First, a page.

dc.rightsCopyright © is held by the author. Digital access to this material is made possible by the University Libraries, University of Arizona. Further transmission, reproduction or presentation (such as public display or performance) of protected items is prohibited except with permission of the author.en_US
dc.description.abstractThere is an ongoing evolution of technology towards network convergence and ubiquitous information society in which users have broadband access to information resources and services anywhere, anytime. To realize this vision, a communication infrastructure has to be able to support a core backbone network delivering ultra-high capacity data services, a ubiquitous broadband wireless for last-mile access, and a control/management plane providing intelligent control to the infrastructure. Desirable characteristics of the infrastructure include insertion of future technology, intelligent spectrum management, cost-efficient upgradeability, flexible scalability, and cognitive networking capabilities. Unfortunately, present electronic technology alone is incapable of meeting these requirements.This dissertation describes the initial research into the realization of such an architecture that comprises of three crucial frameworks: 1) photonic-based; 2) dynamic chain processing; 3) and physical layer awareness. Due to the superior signal transport properties of optics, an underlying photonic data layer is able to provide the architecture with much wider bandwidth, greater RF-frequency-scalability, and higher operating RF-frequency. Photonics also enables diverse technologies to be integrated into a seamless communications platform. Dynamic processing chain framework provides the flexibility and future-proof capability via reconfigurability and componentization. Physical-layer-awareness offers support for automated adaptation and intelligent configuration of the data plane in response to the dynamic conditions of the physical layer. Crucial functional blocks in this awareness are: efficient estimation of physical impairments of the components and links; an effective dynamic impairment monitoring mechanism; and proficient adaptation to either maximize or optimize performance.Though the architecture encompasses both optical transport network (OTN) and photonic radio, this dissertation focuses more on the OTN. Central themes of OTN in this dissertation include relating Q-factor with various optical impairments from the perspective of an end-to-end optical path, and extending physical layer awareness with impairment routing. One of the key findings advocates that filtering is a serious limitation to bit-rate independence, protocol independence and network scalability promised by transparent network.en_US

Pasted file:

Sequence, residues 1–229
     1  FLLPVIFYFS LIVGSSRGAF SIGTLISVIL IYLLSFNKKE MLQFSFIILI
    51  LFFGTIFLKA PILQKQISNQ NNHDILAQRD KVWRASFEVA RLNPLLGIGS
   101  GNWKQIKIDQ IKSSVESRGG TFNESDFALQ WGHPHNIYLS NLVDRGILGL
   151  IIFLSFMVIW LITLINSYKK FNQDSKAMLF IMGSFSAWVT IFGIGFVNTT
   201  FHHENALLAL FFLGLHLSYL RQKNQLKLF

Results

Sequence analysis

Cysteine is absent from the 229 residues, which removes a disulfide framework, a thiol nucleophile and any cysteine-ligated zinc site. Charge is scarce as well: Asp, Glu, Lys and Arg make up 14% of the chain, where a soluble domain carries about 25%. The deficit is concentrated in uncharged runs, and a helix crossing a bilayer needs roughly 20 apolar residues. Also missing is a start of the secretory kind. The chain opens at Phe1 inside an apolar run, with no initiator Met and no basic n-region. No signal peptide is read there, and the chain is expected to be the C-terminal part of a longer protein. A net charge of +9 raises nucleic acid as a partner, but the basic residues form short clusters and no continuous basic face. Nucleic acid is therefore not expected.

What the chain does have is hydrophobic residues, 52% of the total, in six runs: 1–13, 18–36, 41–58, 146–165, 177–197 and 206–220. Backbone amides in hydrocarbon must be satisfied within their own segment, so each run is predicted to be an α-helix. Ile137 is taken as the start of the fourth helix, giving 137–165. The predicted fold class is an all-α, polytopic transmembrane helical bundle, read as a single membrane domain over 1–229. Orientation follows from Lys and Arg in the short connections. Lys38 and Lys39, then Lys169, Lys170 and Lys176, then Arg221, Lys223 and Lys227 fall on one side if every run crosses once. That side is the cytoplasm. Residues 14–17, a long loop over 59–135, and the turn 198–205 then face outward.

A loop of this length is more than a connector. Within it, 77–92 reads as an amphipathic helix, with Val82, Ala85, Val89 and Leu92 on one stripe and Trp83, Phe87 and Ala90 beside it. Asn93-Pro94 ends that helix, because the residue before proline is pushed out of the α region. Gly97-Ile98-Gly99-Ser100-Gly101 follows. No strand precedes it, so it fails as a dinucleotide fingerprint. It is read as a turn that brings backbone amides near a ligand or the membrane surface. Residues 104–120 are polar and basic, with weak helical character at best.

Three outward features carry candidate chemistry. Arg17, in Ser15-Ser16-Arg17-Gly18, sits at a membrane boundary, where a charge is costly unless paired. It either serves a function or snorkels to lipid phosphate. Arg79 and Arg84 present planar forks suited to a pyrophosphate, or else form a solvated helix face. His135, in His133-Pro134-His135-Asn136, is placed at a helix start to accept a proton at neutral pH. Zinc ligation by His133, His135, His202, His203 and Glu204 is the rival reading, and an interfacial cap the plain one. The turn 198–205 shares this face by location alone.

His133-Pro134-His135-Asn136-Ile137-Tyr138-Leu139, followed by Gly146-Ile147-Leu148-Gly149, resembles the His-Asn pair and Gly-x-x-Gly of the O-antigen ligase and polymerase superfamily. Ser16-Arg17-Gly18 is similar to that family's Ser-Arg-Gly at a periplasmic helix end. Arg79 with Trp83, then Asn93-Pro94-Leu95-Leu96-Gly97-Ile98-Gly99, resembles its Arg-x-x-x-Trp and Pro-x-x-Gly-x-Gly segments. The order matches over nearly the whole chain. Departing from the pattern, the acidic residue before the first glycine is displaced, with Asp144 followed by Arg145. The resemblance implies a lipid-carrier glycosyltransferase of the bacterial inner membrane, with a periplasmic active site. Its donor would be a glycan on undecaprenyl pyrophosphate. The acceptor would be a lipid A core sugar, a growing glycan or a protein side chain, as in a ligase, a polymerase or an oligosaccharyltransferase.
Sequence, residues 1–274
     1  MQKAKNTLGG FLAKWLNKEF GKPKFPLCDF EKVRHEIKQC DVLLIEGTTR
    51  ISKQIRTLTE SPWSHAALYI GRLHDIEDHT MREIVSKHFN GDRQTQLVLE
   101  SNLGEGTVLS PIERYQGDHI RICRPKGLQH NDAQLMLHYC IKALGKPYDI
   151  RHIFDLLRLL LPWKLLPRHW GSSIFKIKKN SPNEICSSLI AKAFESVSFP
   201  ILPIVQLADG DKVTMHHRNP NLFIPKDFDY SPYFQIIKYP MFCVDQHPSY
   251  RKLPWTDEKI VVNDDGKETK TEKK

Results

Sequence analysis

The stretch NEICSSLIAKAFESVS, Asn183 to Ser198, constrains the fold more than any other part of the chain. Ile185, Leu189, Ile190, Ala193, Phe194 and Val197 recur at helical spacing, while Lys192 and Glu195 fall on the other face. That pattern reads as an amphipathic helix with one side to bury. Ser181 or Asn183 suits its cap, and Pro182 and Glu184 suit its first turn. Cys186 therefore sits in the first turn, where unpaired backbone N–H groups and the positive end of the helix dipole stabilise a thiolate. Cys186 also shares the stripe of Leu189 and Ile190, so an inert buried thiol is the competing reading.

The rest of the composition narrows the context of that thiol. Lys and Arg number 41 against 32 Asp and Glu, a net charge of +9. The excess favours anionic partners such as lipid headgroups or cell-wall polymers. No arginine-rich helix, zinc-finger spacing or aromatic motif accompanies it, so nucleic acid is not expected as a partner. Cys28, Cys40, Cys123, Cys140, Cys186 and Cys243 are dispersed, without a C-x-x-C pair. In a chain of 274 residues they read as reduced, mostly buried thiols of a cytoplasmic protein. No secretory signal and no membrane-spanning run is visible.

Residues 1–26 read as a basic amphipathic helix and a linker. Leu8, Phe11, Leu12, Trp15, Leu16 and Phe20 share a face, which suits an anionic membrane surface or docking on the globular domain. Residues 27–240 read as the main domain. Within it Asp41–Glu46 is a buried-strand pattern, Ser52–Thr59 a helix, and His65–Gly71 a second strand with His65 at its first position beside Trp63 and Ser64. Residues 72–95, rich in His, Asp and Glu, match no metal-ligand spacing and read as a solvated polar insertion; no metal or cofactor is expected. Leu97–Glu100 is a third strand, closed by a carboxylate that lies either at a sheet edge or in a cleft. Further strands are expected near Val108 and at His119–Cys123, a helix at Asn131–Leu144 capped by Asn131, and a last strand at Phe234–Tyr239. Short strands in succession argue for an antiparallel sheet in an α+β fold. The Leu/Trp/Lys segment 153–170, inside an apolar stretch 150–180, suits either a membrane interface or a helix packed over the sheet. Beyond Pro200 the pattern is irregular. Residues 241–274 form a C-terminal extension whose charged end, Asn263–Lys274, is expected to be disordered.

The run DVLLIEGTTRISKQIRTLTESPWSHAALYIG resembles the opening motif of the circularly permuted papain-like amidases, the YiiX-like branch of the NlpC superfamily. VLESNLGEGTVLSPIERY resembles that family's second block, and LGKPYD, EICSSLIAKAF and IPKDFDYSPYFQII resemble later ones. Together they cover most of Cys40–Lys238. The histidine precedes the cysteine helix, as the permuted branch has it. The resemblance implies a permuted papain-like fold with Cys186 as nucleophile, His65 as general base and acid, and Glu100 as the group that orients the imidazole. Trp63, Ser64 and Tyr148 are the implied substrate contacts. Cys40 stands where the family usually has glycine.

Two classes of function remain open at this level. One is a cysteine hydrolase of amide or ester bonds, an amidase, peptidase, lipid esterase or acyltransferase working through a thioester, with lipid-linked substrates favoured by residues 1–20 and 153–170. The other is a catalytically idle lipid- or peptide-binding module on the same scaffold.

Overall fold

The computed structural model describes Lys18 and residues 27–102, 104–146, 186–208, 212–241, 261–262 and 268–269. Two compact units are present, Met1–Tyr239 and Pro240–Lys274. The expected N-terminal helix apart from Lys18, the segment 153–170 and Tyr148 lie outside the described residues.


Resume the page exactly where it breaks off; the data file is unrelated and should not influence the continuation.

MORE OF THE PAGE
dc.typetexten_US
dc.typeElectronic Dissertationen_US
dc.subjectPhotonic Radioen_US
dc.subjectOptical Transport Networken_US
dc.subjectIntegrated Network Architectureen_US
dc.subjectOptical Impairmenten_US
dc.subjectDynamic Chain Processingen_US
dc.subjectPhysical Layer Awarenessen_US
thesis.degree.namePhDen_US
thesis.degree.leveldoctoralen_US
thesis.degree.disciplineElectrical & Computer Engineeringen_US
thesis.degree.disciplineGraduate Collegeen_US
thesis.degree.grantorUniversity of Arizonaen_US
dc.contributor.advisorMcNeill, Kevin M.en_US
dc.contributor.chairMcNeill, Kevin M.en_US
dc.contributor.committeememberPalusinski, Olgierd A.en_US
dc.contributor.committeememberGeraghty, Daviden_US
dc.contributor.committeememberMathine, Daviden_US
dc.contributor.committeememberKost, Alanen_US
dc.identifier.proquest1171en_US
dc.identifier.oclc137354242en_US